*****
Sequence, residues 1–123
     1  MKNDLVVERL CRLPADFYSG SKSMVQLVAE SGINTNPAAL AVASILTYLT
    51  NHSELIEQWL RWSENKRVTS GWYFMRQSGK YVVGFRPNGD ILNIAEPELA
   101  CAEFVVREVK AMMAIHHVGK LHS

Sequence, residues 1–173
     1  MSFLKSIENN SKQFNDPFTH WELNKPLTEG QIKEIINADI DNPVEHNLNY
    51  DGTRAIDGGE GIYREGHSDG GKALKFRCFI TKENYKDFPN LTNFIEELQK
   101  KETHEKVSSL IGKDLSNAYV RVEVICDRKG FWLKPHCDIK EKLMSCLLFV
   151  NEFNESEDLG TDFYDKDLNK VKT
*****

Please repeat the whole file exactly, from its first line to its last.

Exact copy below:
Sequence, residues 1–123
     1  MKNDLVVERL CRLPADFYSG SKSMVQLVAE SGINTNPAAL AVASILTYLT
    51  NHSELIEQWL RWSENKRVTS GWYFMRQSGK YVVGFRPNGD ILNIAEPELA
   101  CAEFVVREVK AMMAIHHVGK LHS

Sequence, residues 1–173
     1  MSFLKSIENN SKQFNDPFTH WELNKPLTEG QIKEIINADI DNPVEHNLNY
    51  DGTRAIDGGE GIYREGHSDG GKALKFRCFI TKENYKDFPN LTNFIEELQK
   101  KETHEKVSSL IGKDLSNAYV RVEVICDRKG FWLKPHCDIK EKLMSCLLFV
   151  NEFNESEDLG TDFYDKDLNK VKT